The overall probability of finding a positive sentinel node among patients with thin melanoma who were offered and had an SLNB is approximately 5%. Across several studies, in the subset of these patients whose primary tumor is less than 0.76 mm, the reported probability of a positive node is quite low (<2% to 4%), regardless of whether these very thin tumors are T1a or T1b.33,32 Hence, recommendations regarding SLNB for thin melanoma should largely be restricted to the subset of patients with tumors between 0.76 and 1.0 mm. In patients whose T1 primary tumor is in this range, the probability of a positive sentinel is between 6% and 11%. Patients with T1b melanomas in this group are at greatest risk of a positive SLN. Available data do not provide convincing evidence that Clark level, regression, growth phase, gender, or primary tumor site as sole criteria significantly inform this decision-making process. Although in several predictive models younger patients are more likely to have a positive sentinel node, available data do not adequately define what age serves as an appropriate clinical cutoff.32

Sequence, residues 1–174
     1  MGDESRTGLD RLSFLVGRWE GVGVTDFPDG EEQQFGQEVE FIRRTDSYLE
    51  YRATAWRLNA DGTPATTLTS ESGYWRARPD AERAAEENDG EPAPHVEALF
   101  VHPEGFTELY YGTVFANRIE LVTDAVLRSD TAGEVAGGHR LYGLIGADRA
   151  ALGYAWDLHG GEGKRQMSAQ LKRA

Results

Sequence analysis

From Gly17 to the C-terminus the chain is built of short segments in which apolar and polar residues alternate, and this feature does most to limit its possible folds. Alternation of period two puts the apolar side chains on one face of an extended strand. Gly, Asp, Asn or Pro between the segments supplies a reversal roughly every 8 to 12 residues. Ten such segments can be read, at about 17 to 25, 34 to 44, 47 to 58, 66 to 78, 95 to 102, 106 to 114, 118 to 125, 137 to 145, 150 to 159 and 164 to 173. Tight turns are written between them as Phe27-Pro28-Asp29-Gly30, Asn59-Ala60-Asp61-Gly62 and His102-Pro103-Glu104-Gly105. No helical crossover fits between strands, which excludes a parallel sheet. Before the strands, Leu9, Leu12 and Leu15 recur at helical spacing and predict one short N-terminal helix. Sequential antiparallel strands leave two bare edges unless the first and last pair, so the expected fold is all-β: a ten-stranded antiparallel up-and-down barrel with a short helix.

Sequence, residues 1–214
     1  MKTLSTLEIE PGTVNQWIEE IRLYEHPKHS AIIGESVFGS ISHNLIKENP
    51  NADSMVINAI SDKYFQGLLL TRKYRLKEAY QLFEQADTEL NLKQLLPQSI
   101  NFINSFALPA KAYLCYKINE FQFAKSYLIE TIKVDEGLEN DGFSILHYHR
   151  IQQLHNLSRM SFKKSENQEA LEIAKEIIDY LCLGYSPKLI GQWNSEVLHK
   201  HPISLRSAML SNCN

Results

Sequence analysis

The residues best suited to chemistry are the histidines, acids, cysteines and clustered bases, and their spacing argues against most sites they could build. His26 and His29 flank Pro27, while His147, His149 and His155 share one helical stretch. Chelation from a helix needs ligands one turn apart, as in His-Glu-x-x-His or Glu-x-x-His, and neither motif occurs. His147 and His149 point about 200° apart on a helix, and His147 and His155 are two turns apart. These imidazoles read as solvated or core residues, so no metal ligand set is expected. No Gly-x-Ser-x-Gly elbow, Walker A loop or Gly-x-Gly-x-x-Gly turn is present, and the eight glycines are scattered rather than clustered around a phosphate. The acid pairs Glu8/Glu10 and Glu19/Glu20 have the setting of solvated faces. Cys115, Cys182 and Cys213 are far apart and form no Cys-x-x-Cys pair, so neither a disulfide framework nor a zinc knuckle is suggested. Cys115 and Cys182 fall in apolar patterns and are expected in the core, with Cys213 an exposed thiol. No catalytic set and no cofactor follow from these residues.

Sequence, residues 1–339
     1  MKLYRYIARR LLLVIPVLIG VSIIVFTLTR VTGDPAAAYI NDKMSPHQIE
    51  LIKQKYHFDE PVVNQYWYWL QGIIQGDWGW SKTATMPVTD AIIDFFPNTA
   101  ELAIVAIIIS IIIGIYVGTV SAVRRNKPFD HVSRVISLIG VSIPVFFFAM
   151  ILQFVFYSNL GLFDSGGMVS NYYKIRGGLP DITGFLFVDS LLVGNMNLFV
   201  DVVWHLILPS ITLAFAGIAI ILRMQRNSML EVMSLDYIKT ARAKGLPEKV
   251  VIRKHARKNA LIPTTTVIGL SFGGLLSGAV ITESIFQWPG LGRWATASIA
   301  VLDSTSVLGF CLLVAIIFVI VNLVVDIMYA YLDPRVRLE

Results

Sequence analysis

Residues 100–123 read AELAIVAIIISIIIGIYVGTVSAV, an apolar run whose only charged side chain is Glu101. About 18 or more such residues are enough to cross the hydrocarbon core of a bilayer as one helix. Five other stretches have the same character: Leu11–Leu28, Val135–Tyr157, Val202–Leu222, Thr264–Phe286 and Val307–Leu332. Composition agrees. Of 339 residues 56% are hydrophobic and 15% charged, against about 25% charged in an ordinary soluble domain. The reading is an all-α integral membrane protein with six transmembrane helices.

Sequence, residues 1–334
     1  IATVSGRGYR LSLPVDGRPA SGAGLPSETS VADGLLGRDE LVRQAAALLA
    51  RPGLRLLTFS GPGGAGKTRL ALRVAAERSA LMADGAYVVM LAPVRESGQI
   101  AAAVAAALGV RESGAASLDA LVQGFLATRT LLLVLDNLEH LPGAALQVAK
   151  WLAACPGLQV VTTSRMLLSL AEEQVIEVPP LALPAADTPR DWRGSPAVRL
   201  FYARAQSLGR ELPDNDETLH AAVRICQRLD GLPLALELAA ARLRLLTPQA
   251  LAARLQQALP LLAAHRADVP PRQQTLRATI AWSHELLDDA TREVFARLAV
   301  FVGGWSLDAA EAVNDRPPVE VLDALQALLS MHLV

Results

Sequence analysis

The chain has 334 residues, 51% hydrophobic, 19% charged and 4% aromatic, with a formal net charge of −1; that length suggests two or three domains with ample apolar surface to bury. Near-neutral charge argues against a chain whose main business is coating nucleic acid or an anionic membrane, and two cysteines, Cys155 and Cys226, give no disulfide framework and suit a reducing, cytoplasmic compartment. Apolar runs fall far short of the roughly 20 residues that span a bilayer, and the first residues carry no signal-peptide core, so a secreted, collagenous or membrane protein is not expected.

What have we learned regarding the prognostic significance of SLN status in patients with a thin melanoma? Relatively few studies assessing the role of SLNB in patients with thin melanoma have sufficient follow-up to report long-term (e.g., 10-year) survival, and many have not reported follow-up at all. This issue remains particularly vexing since only long-term follow-up can adequately address melanoma-specific survival in this population. For example, two recent single-institution studies with median follow-up durations under 3 years demonstrated no significant survival difference between patients with positive and negative sentinel nodes.35,36 In contrast, in a large series with a median follow-up of 57 months, sentinel node status was an independent predictor of both disease-free and melanoma-specific survival.34 The prognostic significance of sentinel node status in thin melanoma remains an area of intense investigation; long-term follow-up studies of this large fraction of melanoma patients are clearly warranted.